Forgiving The Narcissist


The idea of forgiving the narcissist in your life, be they a parent, spouse, colleague, boss or friend, is one that is fraught with difficulty and resistance.  Why should we forgive someone who has harmed us, set our lives on shaky ground and launched us on a path of self-doubt and feelings of inadequacy?  Simply said, we need to forgive because it LIBERATES US.  Forgiveness frees us from remembered pain, from reliving the trauma that was our childhood through no fault of our own.  If you truly want to be free of the narcissist, forgive them.

Forgiveness is not the first place to go when entering onto the path of recovery and healing.  But, ideally, it is where one ends up.  Forgiveness is not accepting the hurtful behaviors of narcissists; it is not an exoneration.  But is instead a letting go of our attachments to those behaviors and freeing ourselves from restless thoughts, dark moods and reactiveness to those thoughts and moods.  As long as we have not forgiven the narcissist, we aren’t free of them and we aren’t free within ourselves.

I can’t state strongly enough that forgiveness without thorough process proceeding it, is not a magic bullet.  I’m not suggesting shoveling things under the proverbial rug.  If we don’t process our narcissistic relationships, we live at the effect of them.  These effects manifest as self-loathing, depression, anxiety, co-dependence, addictions, and “do-overs” trying to rectify childhood trauma in current relationships.  It is only after we have accepted that the mother, father or partner we wanted or deserved is not the one we got or chose, that we can begin the process.  We then must grieve that and next thoroughly examine what destructive or disturbing patterns of behavior or thinking we have adopted in order to cope.  Perhaps the most challenging task is to then change those behaviors in ourselves which, of course, we can’ do if we don’t recognize them.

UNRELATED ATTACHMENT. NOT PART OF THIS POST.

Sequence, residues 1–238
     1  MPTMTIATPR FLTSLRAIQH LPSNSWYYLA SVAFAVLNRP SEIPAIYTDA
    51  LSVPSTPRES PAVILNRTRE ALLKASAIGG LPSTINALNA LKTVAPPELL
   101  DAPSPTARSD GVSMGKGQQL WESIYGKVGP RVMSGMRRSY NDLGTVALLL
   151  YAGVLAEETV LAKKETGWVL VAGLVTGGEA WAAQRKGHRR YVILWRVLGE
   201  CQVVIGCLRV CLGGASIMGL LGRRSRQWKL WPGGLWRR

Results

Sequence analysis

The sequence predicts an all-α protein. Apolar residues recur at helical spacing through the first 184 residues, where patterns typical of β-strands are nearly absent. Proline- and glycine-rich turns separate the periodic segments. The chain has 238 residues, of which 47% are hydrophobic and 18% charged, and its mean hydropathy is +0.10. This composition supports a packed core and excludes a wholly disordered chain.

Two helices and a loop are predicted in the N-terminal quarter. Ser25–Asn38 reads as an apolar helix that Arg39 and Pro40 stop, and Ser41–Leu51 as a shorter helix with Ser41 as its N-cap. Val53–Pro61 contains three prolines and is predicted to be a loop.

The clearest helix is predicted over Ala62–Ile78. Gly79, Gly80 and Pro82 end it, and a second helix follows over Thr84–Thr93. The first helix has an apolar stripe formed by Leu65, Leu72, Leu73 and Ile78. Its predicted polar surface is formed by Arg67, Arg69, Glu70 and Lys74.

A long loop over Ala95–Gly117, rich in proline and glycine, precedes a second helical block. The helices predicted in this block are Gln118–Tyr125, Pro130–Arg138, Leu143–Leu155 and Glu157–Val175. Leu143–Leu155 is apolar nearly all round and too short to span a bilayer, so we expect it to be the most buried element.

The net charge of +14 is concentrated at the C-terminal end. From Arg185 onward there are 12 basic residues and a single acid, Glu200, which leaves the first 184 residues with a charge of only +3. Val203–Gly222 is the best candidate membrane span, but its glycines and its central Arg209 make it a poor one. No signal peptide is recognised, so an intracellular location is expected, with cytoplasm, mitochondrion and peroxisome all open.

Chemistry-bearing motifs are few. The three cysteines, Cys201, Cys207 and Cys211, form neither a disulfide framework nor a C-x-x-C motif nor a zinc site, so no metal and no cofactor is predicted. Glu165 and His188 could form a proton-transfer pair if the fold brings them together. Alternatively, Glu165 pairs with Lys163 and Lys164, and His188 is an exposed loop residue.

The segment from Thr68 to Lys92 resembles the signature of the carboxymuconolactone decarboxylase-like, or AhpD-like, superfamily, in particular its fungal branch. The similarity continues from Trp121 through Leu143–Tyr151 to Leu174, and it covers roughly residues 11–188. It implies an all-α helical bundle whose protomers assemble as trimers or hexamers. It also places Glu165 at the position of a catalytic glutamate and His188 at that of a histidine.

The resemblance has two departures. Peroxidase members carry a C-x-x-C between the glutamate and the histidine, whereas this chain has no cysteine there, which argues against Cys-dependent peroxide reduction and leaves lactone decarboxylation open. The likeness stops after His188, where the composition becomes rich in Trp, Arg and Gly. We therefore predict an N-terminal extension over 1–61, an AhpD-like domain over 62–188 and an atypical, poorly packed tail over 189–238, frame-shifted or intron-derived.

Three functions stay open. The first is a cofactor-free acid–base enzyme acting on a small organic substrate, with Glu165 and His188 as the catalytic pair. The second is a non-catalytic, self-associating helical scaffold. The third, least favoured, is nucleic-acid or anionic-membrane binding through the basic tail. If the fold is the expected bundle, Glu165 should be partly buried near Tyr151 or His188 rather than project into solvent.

Once all of that has been accomplished (no small task), we can move on to forgiveness, which by that point is an easier step. Once we stop reacting to life based on the trauma of our childhood or our terrible marriage (which is probably a result of our traumatic childhood), we are free – no longer a victim.  When we no longer feel the victim, forgiveness is the next obvious step.  What most of us want in this life is peace and freedom from our chattering, relentless ego-driven mind that is forever telling us we must become emotionally involved in everything that passes our way. As long as we remain engrossed in ego’s ceaseless reactivity to the drama of life, past or present, we are restricted by it, in fact servant to it and we remain mired in life’s demanding pressures and sensory overload.  We are robbed of our peace.  Move toward forgiveness to obtain peace and freedom.  Do it for yourself.

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